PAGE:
Standing before the Museo de la Batalla de Bailén (Museum of the Battle of Bailén), this is the start of a journey into the heart of Bailén’s historic quarter. Later, the Plaza de General Castaños or “El Paseo” (The Avenue) will open up to us to connect with some of the town’s most relevant streets, including Zarco del Valle and María Bellido, taking us to the place where local heroine, Maria Bellido, once lived, in the surroundings of the iconic Glorieta Virgen de Zocueca, known as “la Carrera”.
The roads of Cristóbal Colón (Christopher Columbus) and Isaac Peral will take us back to Isabel la Católica or calle Real, as it is known here.
In it, we can see the façade of the Sagrado Corazón de Jesús (Sacred Heart of Jesus) School, residence of the sisters of San Vicente de Paúl since 1916.
On this journey through Bailén’s history, the façade of the Palacio Ducal (Ducal Palace), belonging to the Ponce de Leon family, is the next stop on the walk. It is a symbol and reminder of what was once the town’s fortress and home to the Counts of Bailén.
Next to it, the Ermita de Nuestro Padre Jesús (Hermitage of Our Father Jesus) from the 18th century was once called the Ermita de Santo Cristo de Nazaret (Hermitage of the Holy Christ of Nazareth), which could be seen from the ancient Camino Real, since it was surrounded by just three houses.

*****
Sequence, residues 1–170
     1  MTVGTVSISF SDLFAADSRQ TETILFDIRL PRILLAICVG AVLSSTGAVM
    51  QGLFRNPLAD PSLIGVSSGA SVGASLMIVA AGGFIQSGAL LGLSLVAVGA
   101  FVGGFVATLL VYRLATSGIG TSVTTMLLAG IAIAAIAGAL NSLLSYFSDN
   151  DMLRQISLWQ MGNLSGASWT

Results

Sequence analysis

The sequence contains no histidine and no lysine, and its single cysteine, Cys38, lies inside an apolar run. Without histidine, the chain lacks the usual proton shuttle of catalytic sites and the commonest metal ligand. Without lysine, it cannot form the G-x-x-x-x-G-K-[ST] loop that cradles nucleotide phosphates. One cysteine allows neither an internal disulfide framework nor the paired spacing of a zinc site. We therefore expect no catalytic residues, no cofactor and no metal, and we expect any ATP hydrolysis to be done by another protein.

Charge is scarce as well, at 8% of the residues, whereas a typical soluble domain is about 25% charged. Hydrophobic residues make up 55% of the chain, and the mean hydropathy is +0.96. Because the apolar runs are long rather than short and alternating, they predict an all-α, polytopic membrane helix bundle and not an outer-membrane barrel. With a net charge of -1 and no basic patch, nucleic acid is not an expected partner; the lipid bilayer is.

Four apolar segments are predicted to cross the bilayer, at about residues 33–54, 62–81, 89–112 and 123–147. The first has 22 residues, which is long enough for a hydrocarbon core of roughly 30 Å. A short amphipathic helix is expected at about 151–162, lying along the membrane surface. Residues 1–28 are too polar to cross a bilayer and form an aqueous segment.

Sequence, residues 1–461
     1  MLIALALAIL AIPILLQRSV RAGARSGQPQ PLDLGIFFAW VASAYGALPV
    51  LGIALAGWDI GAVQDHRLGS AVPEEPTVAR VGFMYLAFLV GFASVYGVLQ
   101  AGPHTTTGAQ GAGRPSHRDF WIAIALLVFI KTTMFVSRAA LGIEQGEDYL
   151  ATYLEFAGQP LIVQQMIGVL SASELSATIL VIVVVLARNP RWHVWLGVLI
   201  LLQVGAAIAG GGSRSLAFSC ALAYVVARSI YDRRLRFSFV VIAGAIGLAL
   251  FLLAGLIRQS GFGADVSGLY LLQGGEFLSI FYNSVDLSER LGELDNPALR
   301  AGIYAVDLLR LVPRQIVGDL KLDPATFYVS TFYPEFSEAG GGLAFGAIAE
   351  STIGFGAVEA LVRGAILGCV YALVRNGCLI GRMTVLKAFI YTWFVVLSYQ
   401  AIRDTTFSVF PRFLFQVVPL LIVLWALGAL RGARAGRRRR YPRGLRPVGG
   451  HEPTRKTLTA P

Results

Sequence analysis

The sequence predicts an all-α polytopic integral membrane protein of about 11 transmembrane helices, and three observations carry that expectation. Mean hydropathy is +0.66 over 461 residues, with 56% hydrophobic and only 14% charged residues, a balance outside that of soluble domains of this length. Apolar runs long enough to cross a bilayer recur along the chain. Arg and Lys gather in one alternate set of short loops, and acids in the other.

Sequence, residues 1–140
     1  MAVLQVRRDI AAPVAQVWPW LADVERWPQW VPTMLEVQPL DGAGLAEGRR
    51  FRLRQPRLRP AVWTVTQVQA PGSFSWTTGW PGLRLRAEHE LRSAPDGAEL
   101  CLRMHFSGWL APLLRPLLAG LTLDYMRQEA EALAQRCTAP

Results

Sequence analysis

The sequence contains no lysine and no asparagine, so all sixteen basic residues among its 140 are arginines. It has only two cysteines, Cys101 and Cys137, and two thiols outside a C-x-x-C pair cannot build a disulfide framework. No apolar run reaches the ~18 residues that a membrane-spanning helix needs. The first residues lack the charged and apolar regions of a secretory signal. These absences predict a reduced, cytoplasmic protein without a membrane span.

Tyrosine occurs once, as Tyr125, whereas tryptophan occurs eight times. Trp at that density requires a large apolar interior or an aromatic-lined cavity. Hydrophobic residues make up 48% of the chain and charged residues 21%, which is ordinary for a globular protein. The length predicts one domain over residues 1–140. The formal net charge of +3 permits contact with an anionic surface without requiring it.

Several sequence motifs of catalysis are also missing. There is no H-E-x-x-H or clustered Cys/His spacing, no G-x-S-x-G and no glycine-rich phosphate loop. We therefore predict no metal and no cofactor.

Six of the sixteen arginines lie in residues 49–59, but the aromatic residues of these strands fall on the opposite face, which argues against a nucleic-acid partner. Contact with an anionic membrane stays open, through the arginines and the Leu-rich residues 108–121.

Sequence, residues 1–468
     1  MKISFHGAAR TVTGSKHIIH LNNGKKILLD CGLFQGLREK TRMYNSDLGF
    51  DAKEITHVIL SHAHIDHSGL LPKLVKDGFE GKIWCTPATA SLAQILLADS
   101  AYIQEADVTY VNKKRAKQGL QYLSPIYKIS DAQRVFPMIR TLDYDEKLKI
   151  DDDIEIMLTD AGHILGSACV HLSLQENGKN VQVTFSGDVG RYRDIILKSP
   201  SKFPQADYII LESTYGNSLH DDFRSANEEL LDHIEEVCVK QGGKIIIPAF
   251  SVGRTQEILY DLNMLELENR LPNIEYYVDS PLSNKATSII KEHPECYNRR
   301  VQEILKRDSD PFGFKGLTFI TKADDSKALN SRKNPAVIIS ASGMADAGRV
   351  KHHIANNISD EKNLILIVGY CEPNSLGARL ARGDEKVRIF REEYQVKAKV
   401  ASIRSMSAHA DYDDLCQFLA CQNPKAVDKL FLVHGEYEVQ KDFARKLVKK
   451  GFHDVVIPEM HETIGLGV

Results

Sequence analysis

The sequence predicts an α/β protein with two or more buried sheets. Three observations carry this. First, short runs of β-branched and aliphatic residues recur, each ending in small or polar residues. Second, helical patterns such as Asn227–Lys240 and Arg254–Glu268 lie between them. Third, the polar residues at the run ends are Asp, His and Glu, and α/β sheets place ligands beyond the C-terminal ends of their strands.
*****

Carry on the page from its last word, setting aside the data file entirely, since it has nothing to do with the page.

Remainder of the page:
The Casa Consistorial (Town Hall) positions us at the heart of the town, admiring the oldest and recently renovated Plaza de la Constitución. Now it is time to admire an architectural jewel from the 15th century, Iglesia de la Encarnación (Church of the Incarnation), declared Historic Artistic Monument in 1983.
We will continue our journey along Calle Armargura, a road with a special meaning during Bailén’s Holy Week. Here we will point out the Casa de la Cultura (House of Culture) as we go down the Calle héroes de Bailén.
In the last section of the walk, we will let our imaginations run wild, given that we will be immersed in the spot where the ancient castle of Bailén once stood. As we walk up the street that refers to it, we will find the Plaza de España, where the monument to General San Martin will show us the way to reach Plaza Reding, in honour of the General who put Castaños’ plan into action and that would help them to defeat the unstoppable Napoleaonic troops. After this stop, the calle América will serve as a link to reach the end of our walk at the Ermita del Santo Cristo (Hermitage of Holy Christ) which dates back to the 18th century.